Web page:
In our frantic ADD world of tweets and instant gratification, there are still times to slow down, plan ahead and enjoy the unfolding of things in their own good time.
Case in point: growing Halloween pumpkins in University City.
Hold on a minute, you may say. The Headless Horseman isn’t supposed to show up until the end of October!
True, but if you (and your kids) want to share the joy of harvesting your own pumpkins for Halloween, the time to plant is now, in mid-summer.
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Old-timers say the best time is the week of July 4th. Enjoy the fireworks, wave Old Glory and toss some pumpkin seeds in the ground.
The math is straightforward: Pumpkins take time to grow; good varieties require more than 100 days. That’s October, already.
With warm soil and summer conditions, direct seeding is the easiest and cheapest way to go. Buy a packet or two of pumpkin seeds, plant them and water them (if needed, given all this rain lately). They will pop up in just a few days.
It’s a good idea to cover them at first with recycled berry baskets or row covers until they get big enough to “run” and thrive on their own.
Pumpkins like rich soil, with lots of high-quality compost or composted manure worked in.
Southern organic gardening authority Barbara Pleasant is a former North Carolinian who now farms and writes for Mother Earth News in Virginia. She said pumpkins are easy to grow if you protect young plants from insects and give the vines lots of space to grow.
Most pumpkins – even those cute little mini-pumpkins grown for fall decorations – grow on sprawling vines that can completely overwhelm traditional gardens, especially box systems.
On the other hand, pumpkins can work great along driveways and in odd spaces, as long as there’s plenty of sun.
The traditional method of planting in mounds has many advantages. In community, school or church gardens, one clever idea is to create a dedicated pumpkin patch where everybody grows them together as a group project.
Controlling bugs and diseases organically is a challenge. Relentless hand picking helps control squash bugs. But we have another native pest here, the squash vine borer, that plays havoc with pumpkins, even when the plants are large and well established.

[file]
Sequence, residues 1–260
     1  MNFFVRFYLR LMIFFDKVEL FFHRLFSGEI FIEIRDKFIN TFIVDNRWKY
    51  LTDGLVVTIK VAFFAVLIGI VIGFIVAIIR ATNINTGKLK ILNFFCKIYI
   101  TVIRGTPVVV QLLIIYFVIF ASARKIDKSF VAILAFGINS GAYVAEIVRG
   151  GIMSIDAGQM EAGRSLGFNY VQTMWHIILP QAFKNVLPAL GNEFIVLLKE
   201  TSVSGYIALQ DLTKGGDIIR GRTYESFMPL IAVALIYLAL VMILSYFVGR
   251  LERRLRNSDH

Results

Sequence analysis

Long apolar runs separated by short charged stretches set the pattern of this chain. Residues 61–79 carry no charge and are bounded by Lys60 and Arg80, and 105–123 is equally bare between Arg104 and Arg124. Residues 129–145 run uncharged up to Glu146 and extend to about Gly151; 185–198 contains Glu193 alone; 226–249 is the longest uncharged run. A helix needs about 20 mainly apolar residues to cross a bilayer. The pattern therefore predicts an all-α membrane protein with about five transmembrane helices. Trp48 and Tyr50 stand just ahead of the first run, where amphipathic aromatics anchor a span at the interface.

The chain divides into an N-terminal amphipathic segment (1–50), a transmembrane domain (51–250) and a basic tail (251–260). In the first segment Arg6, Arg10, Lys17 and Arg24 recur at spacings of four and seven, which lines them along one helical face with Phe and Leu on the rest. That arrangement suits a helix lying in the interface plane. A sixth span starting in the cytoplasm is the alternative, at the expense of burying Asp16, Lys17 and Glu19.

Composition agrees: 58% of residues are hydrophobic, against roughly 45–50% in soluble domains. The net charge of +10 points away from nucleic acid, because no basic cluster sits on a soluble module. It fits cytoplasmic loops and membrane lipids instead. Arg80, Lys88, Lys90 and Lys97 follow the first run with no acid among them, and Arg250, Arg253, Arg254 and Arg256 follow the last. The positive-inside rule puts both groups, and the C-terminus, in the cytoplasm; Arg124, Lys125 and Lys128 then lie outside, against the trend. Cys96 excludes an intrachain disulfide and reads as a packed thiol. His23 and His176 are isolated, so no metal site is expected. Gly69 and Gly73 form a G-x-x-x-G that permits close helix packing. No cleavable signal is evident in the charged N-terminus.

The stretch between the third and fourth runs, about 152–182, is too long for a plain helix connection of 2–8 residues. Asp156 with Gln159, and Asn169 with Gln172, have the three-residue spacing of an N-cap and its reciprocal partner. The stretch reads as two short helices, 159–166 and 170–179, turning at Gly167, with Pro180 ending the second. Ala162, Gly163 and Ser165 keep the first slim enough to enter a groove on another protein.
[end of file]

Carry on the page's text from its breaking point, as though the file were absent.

It’s a heart-breaker to visit the garden in the morning to find your pumpkin vine, thriving the night before, sprawled like a dead copperhead dried out on a hot black top road. The borer larva eats the plant from the inside, “Alien”-style.
The “Mildew Sisters” – Downy and Powdery – can also make a real mess of your pumpkin patch. These fungus diseases send life-sucking growths through the vine, then sprout unsightly growths from the leaves.
This all sounds like “The Night of the Living Dead” for gardeners. But with care (and a little luck), you can keep these problems in check organically.
To control borers, plant resistant varieties of pumpkin, such as Fairytale or Long Island Cheese. These are moschata species squash, which borers don’t like.
Select old-fashioned types where you can mound a little soil over the vines every 4 or 5 feet as they spread, so they grow extra roots. You can also dig the borers out with a sharp knife and close the stem with duct tape (another of its many uses).
The two mildews have different controls. A baking soda solution can help with downy mildew.
Powdery mildew is a common garden problem here, not just with pumpkins but with other garden plants, too, such as zinnias. Diluted milk (1:10 to 1:3 milk to water, using the cheapest powdered milk you can find) is effective against it.
Growing the right kind
There are numerous pumpkin varieties. Pleasant has a terrific list at bit.ly/10xnn7w . For jack-o’-lantern, the variety Howden is tried and true.
Jackpot gets good reviews and has a somewhat smaller semi-bush vine. Fairytale is a moschata type, naturally resistant to borers.
As Pleasant and others point out, though, jack-o’-lantern pumpkins are not the best varieties for making pies. Gardeners with enough space (a rare thing in the city) grow both kinds.
Cabarrus County Extension Agent David Goforth reports tremendous success using “plasticulture” (planting into sheets of plastic) with sprawling squash, melons and other crops. That technique should work well with pumpkins, too.
Newspaper or brown “planters paper” is an alternative; the latter is more attractive in cityscapes. Organic mulches such as straw or leaves have the disadvantage of hiding borer eggs and laying sites, so Dr. David Bradshaw, now retired from Clemson University, recommends against them.
Keep weeds under control, water as needed, and tend your vines through the summer and fall. Harvest at maturity, leaving a good length of stem.
And if it doesn’t work out, no boo!-hooing, even if it is Halloween. Hodges Farm just up Rocky River Road grows local pumpkins, so you can walk right out into the field to pick your favorite.